Ralph Goings (born 1928 Corning, California) is another American painter loosely associated with the Photorealism movement of the late 1960s and early 1970s. He studied art at the California College of Arts and Crafts in Oakland, California.
He’s best known for his highly detailed paintings of diners, pick-up trucks, and California banks, portrayed in a deliberately objective manner and bathed in SoCal sunshine. I rather like his still-lifes best – he seems to have made the humble ketchup bottle an iconic image and so I’m featuring quite a few of those here.
He’s been painting them for four decades now, though his more recent works are less photorealist, looser and more textural – the last painting shown here (below) of a cake, is more reminiscent of Wayne Thiebaud’s work (see earlier post) than Goings’ own oeuvre.
Ralph Goings: "In 1963 I wanted to start painting again but I decided I wasn't going to do abstract pictures. It occurred to me that I should go as far to the opposite as I could. ... It occurred to me that projecting and tracing the photograph instead of copying it freehand would be even more shocking. To copy a photograph literally was considered a bad thing to do. It went against all of my art school training... some people were upset by what I was doing and said 'it's not art it can't possibly be art'. That gave me encouragement in a perverse way, because I was delighted to be doing something that was really upsetting people... I was having a hell of a lot of fun..."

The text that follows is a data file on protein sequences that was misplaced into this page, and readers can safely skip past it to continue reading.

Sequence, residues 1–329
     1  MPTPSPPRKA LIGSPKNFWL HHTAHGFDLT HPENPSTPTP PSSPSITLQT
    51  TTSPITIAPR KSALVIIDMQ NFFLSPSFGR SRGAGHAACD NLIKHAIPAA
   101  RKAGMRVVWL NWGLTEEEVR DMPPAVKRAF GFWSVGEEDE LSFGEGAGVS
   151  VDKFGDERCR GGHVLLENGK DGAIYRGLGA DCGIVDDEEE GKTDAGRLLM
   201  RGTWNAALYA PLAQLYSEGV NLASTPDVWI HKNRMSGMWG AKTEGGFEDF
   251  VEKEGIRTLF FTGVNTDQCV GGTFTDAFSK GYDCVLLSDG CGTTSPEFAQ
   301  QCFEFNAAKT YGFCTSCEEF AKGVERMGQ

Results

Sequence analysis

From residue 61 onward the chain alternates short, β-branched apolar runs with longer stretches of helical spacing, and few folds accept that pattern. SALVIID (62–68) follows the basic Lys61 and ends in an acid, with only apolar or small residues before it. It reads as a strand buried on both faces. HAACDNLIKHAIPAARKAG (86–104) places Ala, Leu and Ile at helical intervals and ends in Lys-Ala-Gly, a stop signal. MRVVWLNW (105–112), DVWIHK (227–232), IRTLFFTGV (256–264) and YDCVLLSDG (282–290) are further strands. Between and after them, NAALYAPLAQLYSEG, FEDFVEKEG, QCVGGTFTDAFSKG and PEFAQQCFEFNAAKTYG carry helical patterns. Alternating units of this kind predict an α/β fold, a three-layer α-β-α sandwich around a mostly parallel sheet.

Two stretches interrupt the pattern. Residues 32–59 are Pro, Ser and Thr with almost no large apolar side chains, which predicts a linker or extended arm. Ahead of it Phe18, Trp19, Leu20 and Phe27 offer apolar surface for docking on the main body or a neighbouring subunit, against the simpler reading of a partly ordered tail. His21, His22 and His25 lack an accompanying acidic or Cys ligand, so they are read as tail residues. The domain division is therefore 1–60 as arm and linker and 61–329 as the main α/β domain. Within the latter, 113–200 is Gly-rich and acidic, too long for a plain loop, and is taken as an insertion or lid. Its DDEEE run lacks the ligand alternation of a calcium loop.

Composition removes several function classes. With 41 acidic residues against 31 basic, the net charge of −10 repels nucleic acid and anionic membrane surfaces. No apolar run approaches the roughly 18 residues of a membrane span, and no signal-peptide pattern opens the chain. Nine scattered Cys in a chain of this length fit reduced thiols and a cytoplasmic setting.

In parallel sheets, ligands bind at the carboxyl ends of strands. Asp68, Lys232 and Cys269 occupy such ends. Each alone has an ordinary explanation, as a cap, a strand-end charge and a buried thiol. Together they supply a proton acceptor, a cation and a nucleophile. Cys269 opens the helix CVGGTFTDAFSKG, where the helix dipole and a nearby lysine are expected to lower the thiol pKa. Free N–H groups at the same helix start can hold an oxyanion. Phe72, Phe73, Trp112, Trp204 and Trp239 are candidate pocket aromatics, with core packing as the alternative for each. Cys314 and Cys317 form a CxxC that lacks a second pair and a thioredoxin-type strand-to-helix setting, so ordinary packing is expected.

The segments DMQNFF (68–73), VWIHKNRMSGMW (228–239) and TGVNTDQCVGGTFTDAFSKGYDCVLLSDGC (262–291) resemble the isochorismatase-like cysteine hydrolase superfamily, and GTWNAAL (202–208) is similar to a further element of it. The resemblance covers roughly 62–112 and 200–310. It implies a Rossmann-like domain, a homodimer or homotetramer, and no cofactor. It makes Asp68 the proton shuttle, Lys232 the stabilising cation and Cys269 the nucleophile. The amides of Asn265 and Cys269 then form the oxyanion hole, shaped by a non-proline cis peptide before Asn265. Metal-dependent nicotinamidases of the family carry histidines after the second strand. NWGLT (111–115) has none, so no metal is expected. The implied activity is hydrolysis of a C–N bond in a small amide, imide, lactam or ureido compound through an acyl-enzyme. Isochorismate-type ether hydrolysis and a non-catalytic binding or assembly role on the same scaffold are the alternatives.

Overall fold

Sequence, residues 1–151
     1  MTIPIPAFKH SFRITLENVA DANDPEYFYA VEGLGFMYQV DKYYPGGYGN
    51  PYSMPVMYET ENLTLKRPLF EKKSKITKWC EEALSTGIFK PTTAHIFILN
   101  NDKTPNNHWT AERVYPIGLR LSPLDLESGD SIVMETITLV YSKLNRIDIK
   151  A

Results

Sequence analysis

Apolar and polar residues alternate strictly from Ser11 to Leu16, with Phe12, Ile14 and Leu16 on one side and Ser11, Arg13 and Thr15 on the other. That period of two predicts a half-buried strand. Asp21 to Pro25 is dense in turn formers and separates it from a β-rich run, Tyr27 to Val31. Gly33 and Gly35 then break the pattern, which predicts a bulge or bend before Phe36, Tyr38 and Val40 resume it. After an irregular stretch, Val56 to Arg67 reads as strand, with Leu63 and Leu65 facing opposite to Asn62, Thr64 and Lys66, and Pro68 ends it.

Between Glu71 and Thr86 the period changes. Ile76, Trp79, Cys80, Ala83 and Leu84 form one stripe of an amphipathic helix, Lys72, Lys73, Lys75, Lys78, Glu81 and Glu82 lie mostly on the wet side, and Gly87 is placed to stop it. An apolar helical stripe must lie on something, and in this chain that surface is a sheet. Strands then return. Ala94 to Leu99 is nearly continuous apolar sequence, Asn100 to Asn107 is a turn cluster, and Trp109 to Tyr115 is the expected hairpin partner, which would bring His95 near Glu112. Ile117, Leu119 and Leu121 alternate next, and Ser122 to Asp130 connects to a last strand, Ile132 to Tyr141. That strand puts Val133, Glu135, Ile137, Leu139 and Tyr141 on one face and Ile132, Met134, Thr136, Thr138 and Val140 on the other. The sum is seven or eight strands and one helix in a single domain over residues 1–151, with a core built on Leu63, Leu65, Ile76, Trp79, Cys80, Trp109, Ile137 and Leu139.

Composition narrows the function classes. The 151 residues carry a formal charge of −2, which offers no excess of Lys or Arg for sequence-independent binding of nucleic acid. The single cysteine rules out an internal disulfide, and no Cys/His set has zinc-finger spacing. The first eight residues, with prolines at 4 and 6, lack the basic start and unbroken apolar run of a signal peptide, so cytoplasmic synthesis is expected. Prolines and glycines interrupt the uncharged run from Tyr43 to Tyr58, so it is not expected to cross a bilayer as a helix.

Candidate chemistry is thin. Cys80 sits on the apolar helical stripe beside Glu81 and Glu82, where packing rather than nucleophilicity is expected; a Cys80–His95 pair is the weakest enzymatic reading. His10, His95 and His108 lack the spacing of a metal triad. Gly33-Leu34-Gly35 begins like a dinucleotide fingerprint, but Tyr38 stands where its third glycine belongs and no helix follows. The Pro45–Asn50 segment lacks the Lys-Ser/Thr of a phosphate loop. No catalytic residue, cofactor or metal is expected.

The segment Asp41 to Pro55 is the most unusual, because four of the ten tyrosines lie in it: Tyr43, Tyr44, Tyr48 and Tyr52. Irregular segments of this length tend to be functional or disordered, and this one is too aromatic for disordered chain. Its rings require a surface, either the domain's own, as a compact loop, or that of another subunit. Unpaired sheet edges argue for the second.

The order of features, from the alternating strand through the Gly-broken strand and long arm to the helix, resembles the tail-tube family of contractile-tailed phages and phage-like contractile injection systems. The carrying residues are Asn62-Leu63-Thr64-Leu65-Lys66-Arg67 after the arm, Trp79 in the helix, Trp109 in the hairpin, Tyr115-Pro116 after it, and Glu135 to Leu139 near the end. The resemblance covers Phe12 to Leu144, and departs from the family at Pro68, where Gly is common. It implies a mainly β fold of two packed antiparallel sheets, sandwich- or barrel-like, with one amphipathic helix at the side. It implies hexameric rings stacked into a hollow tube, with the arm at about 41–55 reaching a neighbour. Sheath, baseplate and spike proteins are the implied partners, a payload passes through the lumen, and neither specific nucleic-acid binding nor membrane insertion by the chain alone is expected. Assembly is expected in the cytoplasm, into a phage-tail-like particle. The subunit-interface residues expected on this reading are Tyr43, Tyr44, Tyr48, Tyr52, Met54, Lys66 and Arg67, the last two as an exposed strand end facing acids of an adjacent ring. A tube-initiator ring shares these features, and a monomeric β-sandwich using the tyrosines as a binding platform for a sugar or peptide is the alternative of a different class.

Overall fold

"My paintings are about light, about the way things look in their environment and especially about how things look painted.
Form, colour and space are at the whim of reality, their discovery and organization is the assignment of the realist painter."